Two days ago, the seven of them had ridden out, chasing down some foe that had dared attack their town. They’d cornered the men in a canyon, and had thought the battle won.
Jackson remembered that feeling of triumph. It felt good to win. Perhaps that was one of the reasons he stayed amongst these people – they were winners – they were the top dogs – they’d always come out ahead.
Then things started going to crap. They’d been too confident -- too sure of their victory – too damn spread out. Ezra had been on the far left of their group, undefended, out on his own. Chris had sent him in that direction, trying to get the gambler into a position to defend their left flank. “Don’t let those bastards get in behind us,” he’d chided the southerner, and had received a nod in return.
But the bastard did get in. Some son-of-a-bitch had circled around and had taken down Ezra before the rest had a chance to move. Nathan recalled how his heart had raced, hearing the shot and Ezra’s pain-filled shout. The outlaw had gotten to the gambler, and had dragged the bleeding man back to camp. Nathan had scrambled, trying his damnedest to get there in time, but he was too late.
The gang had captured Standish, thinking him a mere pawn in the game. The bandits felt secure with one of Larabee’s men as a hostage. They’d threatened terrible things. They thought themselves safe with their shield. They were wrong. The hounds of hell were unleashed upon them and the gang hardly knew what hit them as Josiah Sanchez and Chris Larabee exploded into their stronghold – as Buck and Vin attacked – as JD and Nathan Jackson retaliated without remorse.
The bandits had reduced their odds of surviving significantly with that stunt. Maybe, Larabee would have let them live if they hadn’t resorted to such dirty tricks, if they hadn’t hurt one of the Seven. After the lawmen of Four Corners saw what those monsters had done to Ezra, those men hadn’t had a chance in hell.
“You can save ‘im?” Buck had asked Nathan, his voice thick as he leaned over their hurt brother.
“‘Course,” Ezra had answered for the healer, gasping and coughing, his eyes squeezed shut against the pain, his face swollen and bleeding. “No doubts.”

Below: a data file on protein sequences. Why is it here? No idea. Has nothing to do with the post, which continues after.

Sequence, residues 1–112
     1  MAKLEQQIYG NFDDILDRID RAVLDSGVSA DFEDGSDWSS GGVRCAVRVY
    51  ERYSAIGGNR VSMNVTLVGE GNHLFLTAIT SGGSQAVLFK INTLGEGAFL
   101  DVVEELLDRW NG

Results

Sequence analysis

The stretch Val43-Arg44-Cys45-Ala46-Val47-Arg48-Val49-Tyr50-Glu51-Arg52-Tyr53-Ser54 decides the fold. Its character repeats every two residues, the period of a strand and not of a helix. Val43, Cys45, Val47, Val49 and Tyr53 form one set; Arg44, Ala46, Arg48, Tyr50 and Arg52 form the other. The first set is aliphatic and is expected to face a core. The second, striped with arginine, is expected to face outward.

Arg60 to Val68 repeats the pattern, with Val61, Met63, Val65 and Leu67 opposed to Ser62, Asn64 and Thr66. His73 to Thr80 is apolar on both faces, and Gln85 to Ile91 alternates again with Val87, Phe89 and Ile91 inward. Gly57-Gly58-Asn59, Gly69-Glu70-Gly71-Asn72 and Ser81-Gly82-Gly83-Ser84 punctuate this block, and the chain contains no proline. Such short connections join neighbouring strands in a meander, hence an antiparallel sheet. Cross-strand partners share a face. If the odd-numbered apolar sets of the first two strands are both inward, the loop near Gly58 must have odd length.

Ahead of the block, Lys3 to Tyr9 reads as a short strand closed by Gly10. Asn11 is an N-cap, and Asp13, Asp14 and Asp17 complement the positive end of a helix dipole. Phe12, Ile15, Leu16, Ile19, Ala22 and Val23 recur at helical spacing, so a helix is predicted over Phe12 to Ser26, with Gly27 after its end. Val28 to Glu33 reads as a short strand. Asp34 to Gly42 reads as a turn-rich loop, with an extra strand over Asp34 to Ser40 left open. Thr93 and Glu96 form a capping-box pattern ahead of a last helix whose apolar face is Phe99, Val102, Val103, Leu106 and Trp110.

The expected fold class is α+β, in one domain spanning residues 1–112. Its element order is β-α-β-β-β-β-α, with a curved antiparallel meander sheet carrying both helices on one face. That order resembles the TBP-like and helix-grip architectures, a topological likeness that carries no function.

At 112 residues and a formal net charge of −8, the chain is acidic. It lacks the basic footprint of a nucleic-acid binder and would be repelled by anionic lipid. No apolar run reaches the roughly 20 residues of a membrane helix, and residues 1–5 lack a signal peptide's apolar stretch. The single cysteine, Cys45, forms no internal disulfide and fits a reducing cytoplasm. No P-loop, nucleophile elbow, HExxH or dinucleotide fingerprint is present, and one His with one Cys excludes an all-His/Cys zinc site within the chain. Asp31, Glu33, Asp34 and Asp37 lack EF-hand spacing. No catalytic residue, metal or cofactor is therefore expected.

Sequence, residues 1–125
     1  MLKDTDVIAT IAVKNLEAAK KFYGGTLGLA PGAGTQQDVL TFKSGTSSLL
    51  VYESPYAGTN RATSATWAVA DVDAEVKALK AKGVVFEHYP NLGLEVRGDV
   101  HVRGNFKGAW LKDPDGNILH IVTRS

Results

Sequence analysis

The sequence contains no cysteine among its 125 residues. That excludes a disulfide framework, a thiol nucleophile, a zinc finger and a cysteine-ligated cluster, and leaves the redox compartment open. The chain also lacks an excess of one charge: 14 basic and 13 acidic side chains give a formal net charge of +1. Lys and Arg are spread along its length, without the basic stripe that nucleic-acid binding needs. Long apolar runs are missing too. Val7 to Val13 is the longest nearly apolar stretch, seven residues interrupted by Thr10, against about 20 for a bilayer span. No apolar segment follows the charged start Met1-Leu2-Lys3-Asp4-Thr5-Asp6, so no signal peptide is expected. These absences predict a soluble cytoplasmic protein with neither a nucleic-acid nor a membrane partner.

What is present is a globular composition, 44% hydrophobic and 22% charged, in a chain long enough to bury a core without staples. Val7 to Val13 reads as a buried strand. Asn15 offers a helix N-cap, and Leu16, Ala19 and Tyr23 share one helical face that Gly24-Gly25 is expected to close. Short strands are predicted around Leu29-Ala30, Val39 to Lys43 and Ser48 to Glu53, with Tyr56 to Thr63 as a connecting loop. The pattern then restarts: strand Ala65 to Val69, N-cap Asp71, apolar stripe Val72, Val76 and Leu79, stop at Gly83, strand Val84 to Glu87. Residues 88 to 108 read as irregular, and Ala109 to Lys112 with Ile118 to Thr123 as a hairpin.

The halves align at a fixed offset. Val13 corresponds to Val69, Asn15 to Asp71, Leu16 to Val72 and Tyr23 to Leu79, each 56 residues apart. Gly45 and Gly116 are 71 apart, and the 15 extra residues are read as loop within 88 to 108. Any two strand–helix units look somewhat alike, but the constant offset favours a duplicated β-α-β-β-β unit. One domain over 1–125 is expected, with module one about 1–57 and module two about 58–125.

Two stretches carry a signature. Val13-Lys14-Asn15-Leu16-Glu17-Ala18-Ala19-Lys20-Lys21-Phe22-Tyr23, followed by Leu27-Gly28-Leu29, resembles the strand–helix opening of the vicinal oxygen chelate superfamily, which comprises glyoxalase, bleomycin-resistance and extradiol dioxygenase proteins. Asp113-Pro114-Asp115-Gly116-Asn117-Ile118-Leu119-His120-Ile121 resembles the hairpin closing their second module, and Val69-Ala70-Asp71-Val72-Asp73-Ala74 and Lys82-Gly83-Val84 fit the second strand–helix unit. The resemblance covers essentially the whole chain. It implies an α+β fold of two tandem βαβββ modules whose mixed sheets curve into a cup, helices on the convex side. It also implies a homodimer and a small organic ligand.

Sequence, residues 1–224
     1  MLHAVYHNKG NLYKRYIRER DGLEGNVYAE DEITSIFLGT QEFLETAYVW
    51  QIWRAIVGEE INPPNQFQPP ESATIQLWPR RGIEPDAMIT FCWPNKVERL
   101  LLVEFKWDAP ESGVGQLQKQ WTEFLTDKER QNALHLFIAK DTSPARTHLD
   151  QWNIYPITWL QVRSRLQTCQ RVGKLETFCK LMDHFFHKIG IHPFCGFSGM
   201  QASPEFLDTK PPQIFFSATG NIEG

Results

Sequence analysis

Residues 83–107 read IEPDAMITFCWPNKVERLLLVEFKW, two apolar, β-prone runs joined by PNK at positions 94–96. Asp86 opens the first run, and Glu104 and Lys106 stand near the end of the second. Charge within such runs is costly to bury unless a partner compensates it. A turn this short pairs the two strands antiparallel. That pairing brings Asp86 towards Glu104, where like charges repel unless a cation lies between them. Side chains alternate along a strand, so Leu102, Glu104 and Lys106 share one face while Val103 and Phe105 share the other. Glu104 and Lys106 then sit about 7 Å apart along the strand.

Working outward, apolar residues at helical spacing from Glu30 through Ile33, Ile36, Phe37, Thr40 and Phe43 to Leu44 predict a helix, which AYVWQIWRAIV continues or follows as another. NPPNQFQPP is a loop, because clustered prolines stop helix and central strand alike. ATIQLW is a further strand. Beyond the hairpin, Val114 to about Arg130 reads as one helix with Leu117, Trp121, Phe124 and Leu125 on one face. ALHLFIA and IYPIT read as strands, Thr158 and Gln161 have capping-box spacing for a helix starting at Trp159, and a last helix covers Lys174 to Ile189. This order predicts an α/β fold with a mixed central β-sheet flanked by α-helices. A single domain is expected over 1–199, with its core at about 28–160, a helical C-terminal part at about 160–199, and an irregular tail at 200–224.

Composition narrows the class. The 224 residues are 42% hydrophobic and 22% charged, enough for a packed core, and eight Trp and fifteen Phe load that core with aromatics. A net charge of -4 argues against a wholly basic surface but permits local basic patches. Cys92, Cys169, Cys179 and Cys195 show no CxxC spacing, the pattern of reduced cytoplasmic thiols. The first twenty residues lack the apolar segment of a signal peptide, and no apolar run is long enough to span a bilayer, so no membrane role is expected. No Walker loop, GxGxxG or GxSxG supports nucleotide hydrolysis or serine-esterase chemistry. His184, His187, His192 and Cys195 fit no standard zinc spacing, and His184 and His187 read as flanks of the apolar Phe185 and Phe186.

But Nathan had his. It had taken them too long to get to Ezra, they’d had allowed those desperados too much time. The healer had patched up the bleeding hole, set the bones of a damaged arm, bandaged wounds and tended the bruises that those bastards had inflicted on the already injured gambler. Bruised and broken, Ezra had fallen unconscious almost as soon as they’d found him and hadn’t really come around since.
Standish had surfaced for a moment or two since they returned to Four Corners, delirious and breathless with pain. Nathan would force down medicine, water, anything that might give the southerner a chance to fight the fever, to fix the damage, to bring him back. But Ezra would drift away again.
Should’ve kept a better eye on him, Nathan decided. Shouldn’t have left him out there all alone, allowing him to be sacrificed. Should’ve watched out for him.
Nathan sighed and sat back in his chair, wishing and hoping still. Ezra was a fighter, after all, and he’d beat this. Ezra liked winning as much as Nathan – maybe more even. An incentive might help him keep going, a treat to dangle at the end of a stick. “Ezra,” Nathan said softly. “A package came for you.”
Ezra drew in another breath and released it. His voice, harsh and thick, sounded, but the words were abstruse, and Nathan had no idea what was said. Standish may have said, “For the love of God,” but it could also have been, “flappin jibjabs.”
“Ain’t you curious about what’s in it?” the healer asked, as he turned the card about. “Could be something you’d want to see. Might be important. Sure is heavy as hell. Finn thinks it’s rocks.” And Nathan remembered when Maude had come to town, laden with brick-filled luggage. “You ain’t takin’ after your ma, now, are ya, Ez?” He smiled at that memory. He’d liked Maude. Heck, the woman had employed him as a doctor! And he sighed at that memory, thinking that the woman had turned out to be a bit of a witch, destroying Ezra’s dream.
And Nathan had fallen for her scheme, had been a part of it. Ezra should have hated him for that – hated them all for what happened to his dream. But he hadn’t. No, Ezra just shook off the disillusionment as a duck might shake off water.
There was something remarkably patient about the gambler. Nathan expected it came from long poker games and the staging of intricate cons. For a man who seemed all about immediate action, succumbing to base needs, and endless frivolity, Ezra could be remarkably lenient. Heck, he’s put up with my jibes, Nathan thought. And it hardly seems to affect him… hardly.
Wanting to chase away that thought, Nathan opened the flap on the envelope. He cleared his throat and spoke, “Maybe I should see what this is about, huh? I don’t mean to pry. Just want to make sure nothing gets forgotten.” He had to do something other than just sit here, waiting, hoping that Ezra would come out of this.